The happy-happy joy-joy atmosphere came to a halt soon after I delivered my position. I began my story with an acknowledgment to my audience that I understand and empathize with them about the pains of infertility. I congratulated them for coming to the workshop and their healthy pursuit of information regarding their children. I wanted to start off on a good foot. But of course, in describing my story, I stated clearly my conviction against donor conception. The hands flew up with questions. “Well then what are we supposed to do then now that we already have our kids?” one man asked. I was then pushed to offer a solution. The discussion leader then prompted me, “So what you’re saying is that we just need to be able to listen to them about their problems with this, right?”Another point of theirs: “Well everyone’s got problems. How is this like any other problem kids have to deal with.”

If I could go back in time I would say, the difference is, as parents you are the primary guides and counselors into the world and all its problems. Your children will turn to you first. If they’re born with a disability you can comfort them and say, “Well my love, God works in mysterious ways. We don’t know why he made you disabled, but he has a purpose for you.” When kids at school bully your child or taunt them, your child can come to you. You can protect them. You can call the other kids parents and work out an apology or act of repentance.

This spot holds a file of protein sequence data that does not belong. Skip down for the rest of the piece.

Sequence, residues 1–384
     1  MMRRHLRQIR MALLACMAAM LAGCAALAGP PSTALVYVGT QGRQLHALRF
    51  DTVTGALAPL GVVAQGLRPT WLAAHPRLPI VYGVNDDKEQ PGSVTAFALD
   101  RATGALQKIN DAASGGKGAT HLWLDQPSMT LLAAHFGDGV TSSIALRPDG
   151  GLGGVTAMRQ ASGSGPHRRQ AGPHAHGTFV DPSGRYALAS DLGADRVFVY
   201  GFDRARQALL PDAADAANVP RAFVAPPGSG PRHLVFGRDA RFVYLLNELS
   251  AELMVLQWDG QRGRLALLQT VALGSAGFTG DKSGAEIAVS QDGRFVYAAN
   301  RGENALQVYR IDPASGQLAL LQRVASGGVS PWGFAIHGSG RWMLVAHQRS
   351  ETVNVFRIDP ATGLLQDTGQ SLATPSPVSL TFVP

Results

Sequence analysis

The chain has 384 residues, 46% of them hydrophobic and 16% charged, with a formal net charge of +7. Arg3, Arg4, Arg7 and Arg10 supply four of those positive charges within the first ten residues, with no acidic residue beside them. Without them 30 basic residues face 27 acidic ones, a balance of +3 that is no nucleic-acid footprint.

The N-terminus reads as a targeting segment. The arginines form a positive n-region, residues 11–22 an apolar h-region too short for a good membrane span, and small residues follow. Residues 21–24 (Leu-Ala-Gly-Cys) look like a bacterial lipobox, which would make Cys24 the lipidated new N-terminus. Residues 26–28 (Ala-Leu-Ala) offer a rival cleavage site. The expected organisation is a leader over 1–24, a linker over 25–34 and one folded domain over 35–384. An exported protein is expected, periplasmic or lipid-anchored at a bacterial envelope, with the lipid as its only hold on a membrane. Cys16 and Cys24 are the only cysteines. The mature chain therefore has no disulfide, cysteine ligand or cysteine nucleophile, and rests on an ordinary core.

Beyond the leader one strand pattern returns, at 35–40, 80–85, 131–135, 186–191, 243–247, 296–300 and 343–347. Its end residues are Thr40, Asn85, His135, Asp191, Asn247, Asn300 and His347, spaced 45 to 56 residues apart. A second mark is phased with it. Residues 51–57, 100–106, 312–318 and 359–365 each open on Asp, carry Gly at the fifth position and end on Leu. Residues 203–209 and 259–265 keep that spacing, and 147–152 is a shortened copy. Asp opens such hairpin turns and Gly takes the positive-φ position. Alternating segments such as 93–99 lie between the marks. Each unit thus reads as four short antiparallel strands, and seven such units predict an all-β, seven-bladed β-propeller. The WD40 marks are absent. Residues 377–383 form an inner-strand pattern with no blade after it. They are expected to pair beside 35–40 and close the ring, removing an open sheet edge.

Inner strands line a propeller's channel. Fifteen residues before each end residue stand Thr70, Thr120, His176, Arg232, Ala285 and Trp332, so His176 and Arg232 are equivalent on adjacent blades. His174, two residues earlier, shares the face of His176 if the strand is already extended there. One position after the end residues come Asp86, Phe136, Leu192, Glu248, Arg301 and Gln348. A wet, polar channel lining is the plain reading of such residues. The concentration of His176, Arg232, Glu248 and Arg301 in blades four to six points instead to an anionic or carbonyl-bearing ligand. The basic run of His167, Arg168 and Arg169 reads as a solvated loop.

But with this issue… your child can not come to you. Your child will be forced to work out this huge, oppressive, philosophical debate alone in her mind, without the guidance of a loving parent. Because essentially, the person responsible for her problem, is you. The person who placed this burden upon her is the very person who purports to act wholly in her best interest.

And in response to Theresa Erickson in her blog about me and my apparent rudeness, I was thrown to the sharks. I have the right to be angry. The system and “technologies” that pay her bills and buy her lifestyle are the very systems and technology that robbed me of a real father and I don’t have to be nice to anyone involved in that industry. I feel cheated and betrayed and do not feel sorry in the slightest that I came off as rude. In the future, I’ll do my best to stay calm and inviting, rather than angry and repellent, but this was not a fair panel. And the truth hurts.

Apparently I am the enemy of the fertility industry, yet they make billions of dollars a year purposefully creating thousands of kids just like me. The irony is that, the more people like me they create, the more they build up the bodies and minds of the army that will soon defeat them. Oh, the poetry.


30 Responses to “A Sunday in the Shark Tank”

  1. All I can say, friends, is you read her here first. Meet Alana S., extraordinarly gifted writer.

  2. David Blankenhorn says:

    The first one now, will later be last.

  3. Damian Adams says:

    Alana,
    thankyou for standing up for what you believe in and for the welfare of other offspring. I know how hard it is to be thrown to the wolves, whereby these other parties do not wish to enter into intellectual discourse but rather just have people there who support their own choices.

  4. John Howard says: